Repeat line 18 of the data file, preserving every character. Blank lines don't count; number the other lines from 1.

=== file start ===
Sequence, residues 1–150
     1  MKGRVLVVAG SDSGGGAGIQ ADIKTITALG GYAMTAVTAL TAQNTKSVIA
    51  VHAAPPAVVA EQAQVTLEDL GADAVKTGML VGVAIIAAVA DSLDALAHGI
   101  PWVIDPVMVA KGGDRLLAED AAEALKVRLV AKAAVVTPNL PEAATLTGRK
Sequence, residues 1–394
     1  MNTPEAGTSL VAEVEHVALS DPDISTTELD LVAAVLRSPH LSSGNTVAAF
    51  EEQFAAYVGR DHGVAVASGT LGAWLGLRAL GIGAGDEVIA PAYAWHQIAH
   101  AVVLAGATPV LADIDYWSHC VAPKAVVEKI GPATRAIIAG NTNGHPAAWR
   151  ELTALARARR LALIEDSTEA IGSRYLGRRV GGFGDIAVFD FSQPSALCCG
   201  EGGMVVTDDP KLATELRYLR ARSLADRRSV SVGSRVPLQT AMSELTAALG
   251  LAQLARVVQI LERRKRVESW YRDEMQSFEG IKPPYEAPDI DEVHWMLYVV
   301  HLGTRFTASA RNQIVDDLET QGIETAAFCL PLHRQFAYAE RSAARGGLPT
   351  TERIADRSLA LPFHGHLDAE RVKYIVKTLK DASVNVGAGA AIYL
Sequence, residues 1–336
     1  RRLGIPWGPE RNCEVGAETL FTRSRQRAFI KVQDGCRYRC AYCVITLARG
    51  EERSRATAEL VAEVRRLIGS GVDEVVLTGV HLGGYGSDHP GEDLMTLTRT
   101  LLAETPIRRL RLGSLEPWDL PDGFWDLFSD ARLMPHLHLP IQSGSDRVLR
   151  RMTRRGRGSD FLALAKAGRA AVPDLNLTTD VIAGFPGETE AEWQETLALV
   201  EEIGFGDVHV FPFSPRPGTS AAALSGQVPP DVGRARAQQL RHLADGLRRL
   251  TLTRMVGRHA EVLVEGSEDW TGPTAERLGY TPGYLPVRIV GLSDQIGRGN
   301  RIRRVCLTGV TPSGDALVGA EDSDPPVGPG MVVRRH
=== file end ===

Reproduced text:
   151  RMTRRGRGSD FLALAKAGRA AVPDLNLTTD VIAGFPGETE AEWQETLALV